Stars being kicked out of the Milky Way — so-called ‘hypervelocity stars’ — follow a mechanism that seems understood. We know there is a supermassive black hole at galactic center, and it is likely the cause of the ejection of such stars from our galaxy. Nine stars have been found that fit this description, all of them over 50,000 parsecs from Earth. But the tenth is an anomaly, a young star ejected not from the Milky Way but from the Large Magellanic Cloud. A black hole is assumed to be the cause here as well, although the culprit has yet to be identified.
Image: A ‘hypervelocity star,’ shown flung from the Milky Way’s center. Now a similar star has been found exiting the Large Magellanic Cloud. Credit: Ruth Bazinet/Harvard-Smithsonian Center for Astrophysics.
One thing that assists researchers in identifying stellar origins is the fact that stars in the Large Magellanic Cloud (LMC) have their own particular characteristics. Alceste Bonanos (Carnegie Institution) was on the team that noted differences between this star — HE 0437-5439 — and the other galactic refugees. It couldn’t, for example, have come from the center of the Milky Way because getting it to its present location would have taken 100 million years, and the star is only 35 million years old. And then there is the matter of stellar elements. Says Bonanos:
“We were intrigued by the conundrum and decided to take up the challenge to solve this. Stars in the LMC are known to have lower elemental abundances than most stars in our galaxy, so we could determine if its chemistry was more like that galaxy’s or our own.”
The Carnegie team was able to verify the star’s age, and the fact that HE 0437-5439 is nine times the mass of the Sun. Its velocity was pegged at a scorching 722 kilometers per second. That’s fast indeed (ordinary stars in the Milky Way average out at around 100 km/s), but consistent with the velocities of other hypervelocity stars. And as for the relative abundance of various elements, the star shows a concentration about half that of the Sun, consistent with an origin in the LMC.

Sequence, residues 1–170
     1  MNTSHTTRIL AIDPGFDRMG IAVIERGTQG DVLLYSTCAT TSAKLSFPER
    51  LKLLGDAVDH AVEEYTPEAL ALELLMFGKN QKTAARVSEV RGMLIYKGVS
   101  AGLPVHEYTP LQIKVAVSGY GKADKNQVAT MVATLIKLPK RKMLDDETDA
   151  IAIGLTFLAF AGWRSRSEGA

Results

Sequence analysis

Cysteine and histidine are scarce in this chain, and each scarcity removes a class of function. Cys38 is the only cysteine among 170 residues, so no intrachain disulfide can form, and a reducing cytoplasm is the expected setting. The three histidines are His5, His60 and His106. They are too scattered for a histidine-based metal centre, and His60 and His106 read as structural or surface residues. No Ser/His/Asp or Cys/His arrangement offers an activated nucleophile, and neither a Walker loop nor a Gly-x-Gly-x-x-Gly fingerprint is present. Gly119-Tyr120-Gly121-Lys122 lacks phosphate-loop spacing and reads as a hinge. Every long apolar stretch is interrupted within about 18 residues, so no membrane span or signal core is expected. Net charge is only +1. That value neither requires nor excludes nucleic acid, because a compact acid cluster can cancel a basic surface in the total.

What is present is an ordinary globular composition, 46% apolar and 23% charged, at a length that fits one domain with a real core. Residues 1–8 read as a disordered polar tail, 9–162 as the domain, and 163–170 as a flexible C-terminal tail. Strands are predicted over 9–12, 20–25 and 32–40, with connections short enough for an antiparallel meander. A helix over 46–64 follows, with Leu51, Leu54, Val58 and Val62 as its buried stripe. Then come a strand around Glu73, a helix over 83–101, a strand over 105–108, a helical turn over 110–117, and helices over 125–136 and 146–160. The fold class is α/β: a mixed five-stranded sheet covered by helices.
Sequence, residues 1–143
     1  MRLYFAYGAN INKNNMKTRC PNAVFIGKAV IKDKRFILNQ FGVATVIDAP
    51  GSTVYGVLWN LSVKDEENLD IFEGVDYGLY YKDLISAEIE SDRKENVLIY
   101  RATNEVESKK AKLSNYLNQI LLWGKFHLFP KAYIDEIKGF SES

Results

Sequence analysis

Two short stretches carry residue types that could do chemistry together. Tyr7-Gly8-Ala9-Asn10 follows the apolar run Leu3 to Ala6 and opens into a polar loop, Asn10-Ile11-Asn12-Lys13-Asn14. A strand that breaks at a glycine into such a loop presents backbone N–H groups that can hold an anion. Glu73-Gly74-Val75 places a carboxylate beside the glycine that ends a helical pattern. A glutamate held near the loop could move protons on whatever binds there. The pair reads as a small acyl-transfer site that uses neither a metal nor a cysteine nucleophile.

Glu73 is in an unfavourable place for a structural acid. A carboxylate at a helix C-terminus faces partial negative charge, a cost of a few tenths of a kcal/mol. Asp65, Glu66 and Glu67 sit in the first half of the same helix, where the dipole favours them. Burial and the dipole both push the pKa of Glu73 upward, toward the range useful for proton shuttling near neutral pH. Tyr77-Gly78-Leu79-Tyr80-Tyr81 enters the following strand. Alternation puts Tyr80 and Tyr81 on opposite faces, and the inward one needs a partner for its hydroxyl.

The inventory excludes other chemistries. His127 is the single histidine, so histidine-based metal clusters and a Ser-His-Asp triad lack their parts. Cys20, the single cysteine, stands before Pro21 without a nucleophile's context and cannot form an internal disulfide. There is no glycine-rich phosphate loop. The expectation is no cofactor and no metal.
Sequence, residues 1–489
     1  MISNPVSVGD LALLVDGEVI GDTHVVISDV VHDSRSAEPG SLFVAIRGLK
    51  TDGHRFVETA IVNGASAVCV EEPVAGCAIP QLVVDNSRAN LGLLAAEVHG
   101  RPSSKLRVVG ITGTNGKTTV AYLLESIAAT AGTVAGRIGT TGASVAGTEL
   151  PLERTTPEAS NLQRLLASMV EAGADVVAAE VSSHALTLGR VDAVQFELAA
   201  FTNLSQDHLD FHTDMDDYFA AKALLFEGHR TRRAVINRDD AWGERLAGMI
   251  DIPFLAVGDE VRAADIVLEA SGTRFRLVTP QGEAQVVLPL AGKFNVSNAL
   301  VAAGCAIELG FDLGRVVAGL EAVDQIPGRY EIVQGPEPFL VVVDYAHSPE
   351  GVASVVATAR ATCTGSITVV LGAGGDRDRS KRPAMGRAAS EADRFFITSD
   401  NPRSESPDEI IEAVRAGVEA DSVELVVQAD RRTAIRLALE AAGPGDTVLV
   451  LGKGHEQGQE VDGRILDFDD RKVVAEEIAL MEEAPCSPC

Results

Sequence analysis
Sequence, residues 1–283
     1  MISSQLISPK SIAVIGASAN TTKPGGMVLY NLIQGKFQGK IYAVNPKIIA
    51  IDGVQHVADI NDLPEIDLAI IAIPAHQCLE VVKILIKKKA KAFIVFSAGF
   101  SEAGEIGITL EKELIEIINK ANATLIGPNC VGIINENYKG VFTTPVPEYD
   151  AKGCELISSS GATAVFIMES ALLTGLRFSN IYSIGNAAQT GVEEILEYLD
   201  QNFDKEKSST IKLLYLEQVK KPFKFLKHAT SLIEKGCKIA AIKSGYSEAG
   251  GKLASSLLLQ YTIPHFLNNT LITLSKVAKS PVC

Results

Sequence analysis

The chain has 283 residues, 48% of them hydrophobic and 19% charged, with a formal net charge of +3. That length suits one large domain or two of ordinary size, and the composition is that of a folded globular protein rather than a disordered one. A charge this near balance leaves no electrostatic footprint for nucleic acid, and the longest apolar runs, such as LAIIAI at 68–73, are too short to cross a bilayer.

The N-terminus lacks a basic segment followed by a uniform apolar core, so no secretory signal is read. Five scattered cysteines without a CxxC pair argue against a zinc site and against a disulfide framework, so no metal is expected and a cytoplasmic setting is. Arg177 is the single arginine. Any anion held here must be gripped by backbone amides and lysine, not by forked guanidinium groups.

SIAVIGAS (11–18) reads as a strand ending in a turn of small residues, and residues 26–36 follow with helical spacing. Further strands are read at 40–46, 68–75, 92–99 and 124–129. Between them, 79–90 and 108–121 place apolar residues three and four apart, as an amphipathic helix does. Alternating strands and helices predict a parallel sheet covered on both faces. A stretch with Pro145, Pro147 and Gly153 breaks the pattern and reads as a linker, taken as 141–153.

The ‘launch’ mechanism? Assume that the star was originally part of a binary system and you can set up a close pass by a massive black hole, with one star captured by the exotic object, the other flung out of the galaxy. This scenario was first proposed by Jack Hills (Los Alamos National Laboratory) in 1988, in a paper proposing that hypervelocity stars might exist and provide evidence of the black hole at galactic center. The first observational evidence for such stars came in 2005, and the assumption is that many more such stars are waiting to be found.
What we have here is the first observational evidence of a black hole in the Large Magellanic Cloud, surely a priority target for future Magellanic watchers. This is also the first time the abundance of key elements has been measured in a hypervelocity star. Thus does a rare find (only ten known hypervelocity stars) become rarer yet, and we measure the motions of a star whose origins lie in a satellite galaxy to our own.
The paper is Bonanos et al., “Low Metallicity Indicates that the Hypervelocity Star HE 0437-5439 was Ejected from the LMC,” scheduled to run in the Astrophysical Journal Letters and available online. And for you completists out there, Jack Hills’ paper is “Hyper-velocity and tidal stars from binaries disrupted by a massive Galactic black hole,” Nature 331 (25 February 1988), pp. 687-689 (abstract).